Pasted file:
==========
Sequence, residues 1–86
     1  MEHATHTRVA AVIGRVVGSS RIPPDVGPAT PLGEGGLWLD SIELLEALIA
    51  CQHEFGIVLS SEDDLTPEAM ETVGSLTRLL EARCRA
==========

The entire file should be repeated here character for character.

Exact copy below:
Sequence, residues 1–86
     1  MEHATHTRVA AVIGRVVGSS RIPPDVGPAT PLGEGGLWLD SIELLEALIA
    51  CQHEFGIVLS SEDDLTPEAM ETVGSLTRLL EARCRA